The tree is up, and every time I look at it I smile. I say “fuck you,” to the darkness, and promise myself to get through the dark days of winter, and I bask in my Christmas tree memories, and I miss my boy, and I smile. I’ve been decorating the tree in my office work area for good measure.
I dream of Christmas cookies I’ll never find time to bake, and make a short list of the ones I have to bake: peanut butter cookies with chocolate kisses (N’s favorite), chocolate crinkles (my brother’s favorite), thumbprint cookies with walnuts (my favorite).
I play music and sing carols. Dot now has the first verse of “Away in a Manger” down by heart (Mom taught it to her months ago, and now she keeps asking to sing the “Lowing” song). But I often turn to” The First Noel,” or “Little Town of Bethlehem,” or “Baby, It’s Cold Outside” as a lullaby. You’d think “Silent Night” would be the obvious candidate, but 1) I’m still recovering from seeing that damned holiday diaper commercial the first Christmas after Teddy died, and 2) Dot doesn’t seem to like the way I sing it, and often requests that I stop by waving her arm at me and saying, “No. NO!”
Dot has a Fisher Price nativity set. I had no idea such things existed, but my parents found one for us. I have mixed feelings about it. I do not approach the Christmas story with the pure (if largely untested) faith of my youth, and I do not want to approach it with disrespect. I do want Dot exposed to it, but I’m not sure what to tell her about it all yet. It helps that she’s not yet two years old and that she is mainly interested in kissing owies on the faces of Joseph, Jesus and “Murry.” Murry also seems to go on a lot of long walks with the sheep, leaving Joseph and Jesus to fend for themselves. I try to tell myself that this isn’t a reflection of anything worrying. And, by all accounts, Murry has a lot on her mind. Maybe long walks are just what she needs.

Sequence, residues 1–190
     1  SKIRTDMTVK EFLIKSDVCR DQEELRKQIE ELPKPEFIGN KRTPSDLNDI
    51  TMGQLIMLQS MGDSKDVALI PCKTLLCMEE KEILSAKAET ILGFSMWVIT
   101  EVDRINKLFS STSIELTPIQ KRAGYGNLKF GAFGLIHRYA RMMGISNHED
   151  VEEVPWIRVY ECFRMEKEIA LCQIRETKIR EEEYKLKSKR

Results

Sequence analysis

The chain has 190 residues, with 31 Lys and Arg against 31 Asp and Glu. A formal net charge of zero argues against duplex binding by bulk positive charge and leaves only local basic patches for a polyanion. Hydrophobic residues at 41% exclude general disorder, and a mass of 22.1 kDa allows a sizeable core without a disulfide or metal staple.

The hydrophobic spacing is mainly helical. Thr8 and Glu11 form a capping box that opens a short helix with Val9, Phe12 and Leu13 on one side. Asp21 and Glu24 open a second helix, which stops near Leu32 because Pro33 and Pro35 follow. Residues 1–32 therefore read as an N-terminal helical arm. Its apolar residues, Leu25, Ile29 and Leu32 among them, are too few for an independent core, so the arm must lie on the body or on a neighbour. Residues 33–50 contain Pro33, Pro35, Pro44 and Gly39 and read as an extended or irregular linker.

It’s a beautiful time of year in so many ways. One of those ways is the way that missing Teddy rises to the surface. Not like August, which is still just a month I want to get through. I think of Teddy when looking at the tree, when wishing for snow, when writing cards, when considering what to bake, when talking to family on the phone. He’s on the tip of my tongue, the tips of my fingers, the top of my mind. I call to him constantly, little boy, little Huckleberry, how I love you, love you still, love you always. I wish you could see this – can you see it? I wish I could save some of this holiday warmth for you – I hope you have your own.
It’s not all beautiful, of course. There are tears and stress and yelling. Sadness because no one mentions him in their holiday letters any more, because people are afraid to talk about him, and because sometimes I’m one of those people, afraid to talk. Because I still think that mentioning my dead baby boy shouldn’t stop the party, and it almost always does. But for the most part, I feel closer to Teddy in December somehow.
Grief Girl nearly charged howling into a Face.book thread on angels started by a friend of hers who is a pastor. Fortunately, maybe, Grief Girl’s alias was able to channel her energies into another venue (my toilets are really, really clean!). My problems with angels, or the stories of angels that you tend to hear on Fac.ebook, are much the same as miracles, and boil down into three main points, two of stabby, stabby rage (as per usual) and one that’s more philosophical: